First, break all the rules, by Marcus Buckingham and Curt Coffman is a remarkable management book which attempts to prove that standard management practices don’t work, and instead offers new set of rules. This book is a proponent of strengths-based management principle that believes that it is better to focus on strengths of your employees and make them better, instead of focusing on their weaknesses and attempt to ‘fix’ them. For me, when I first read this book, it was an ‘aha!’ moment; and I have been a fan of the book (and the whole strengths-based philosophy). Something that I always believed in, I now had words and frameworks to understand and explain.
The book has been based on survey data from Gallup from thousands of managers. Their analysis brought them to this insight:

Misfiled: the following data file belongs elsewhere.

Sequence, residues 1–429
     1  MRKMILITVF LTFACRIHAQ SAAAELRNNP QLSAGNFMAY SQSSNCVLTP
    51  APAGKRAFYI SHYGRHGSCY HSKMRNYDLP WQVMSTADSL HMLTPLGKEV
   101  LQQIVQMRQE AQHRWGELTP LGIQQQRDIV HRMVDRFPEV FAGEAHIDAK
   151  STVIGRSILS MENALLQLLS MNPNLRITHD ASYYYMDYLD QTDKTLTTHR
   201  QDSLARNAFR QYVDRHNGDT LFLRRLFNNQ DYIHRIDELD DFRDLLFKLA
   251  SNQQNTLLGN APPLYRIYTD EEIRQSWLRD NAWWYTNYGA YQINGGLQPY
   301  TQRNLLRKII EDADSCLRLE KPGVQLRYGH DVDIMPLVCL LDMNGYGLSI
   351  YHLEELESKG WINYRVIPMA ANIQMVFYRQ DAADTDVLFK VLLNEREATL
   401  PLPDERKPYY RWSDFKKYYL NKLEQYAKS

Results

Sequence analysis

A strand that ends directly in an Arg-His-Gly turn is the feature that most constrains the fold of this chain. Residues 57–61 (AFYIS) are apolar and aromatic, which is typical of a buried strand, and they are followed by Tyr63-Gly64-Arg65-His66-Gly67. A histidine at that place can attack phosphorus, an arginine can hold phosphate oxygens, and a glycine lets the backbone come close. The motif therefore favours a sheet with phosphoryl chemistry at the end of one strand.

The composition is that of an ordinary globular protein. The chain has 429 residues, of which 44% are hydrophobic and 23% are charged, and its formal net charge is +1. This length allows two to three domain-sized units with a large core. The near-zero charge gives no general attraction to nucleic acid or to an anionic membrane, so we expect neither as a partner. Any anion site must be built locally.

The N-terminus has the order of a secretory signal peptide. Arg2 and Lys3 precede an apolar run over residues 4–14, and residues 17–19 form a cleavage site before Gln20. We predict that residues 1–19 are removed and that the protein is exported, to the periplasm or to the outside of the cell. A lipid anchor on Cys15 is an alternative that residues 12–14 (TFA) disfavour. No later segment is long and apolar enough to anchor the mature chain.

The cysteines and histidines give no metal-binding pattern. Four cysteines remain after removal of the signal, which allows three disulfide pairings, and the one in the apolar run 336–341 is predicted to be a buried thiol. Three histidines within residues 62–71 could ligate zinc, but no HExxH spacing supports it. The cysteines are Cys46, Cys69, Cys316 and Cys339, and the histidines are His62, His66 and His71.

People don't change that much.
Don't spend time trying to put in what was left out.
Try to draw out what was left in.
That is hard enough.
Some of the not-so-common insights from the book that I found insightful are as follows:
- Don’t spend time trying to improve a deficiency, spend that time instead in improving their strengths
- When you find someone deficient in a critical skill, try to pair them up with someone who possesses the skill, and use this team (instead of individuals)
- Everyone has the talent to be exceptional at something. The trick is to find that ‘something’, what Marcus calls casting (drawing from actor selection for movies).
A must read for anyone who things they are a good manager. For balance, make sure you also read about criticisms leveled against strengths based leadership (one of them here).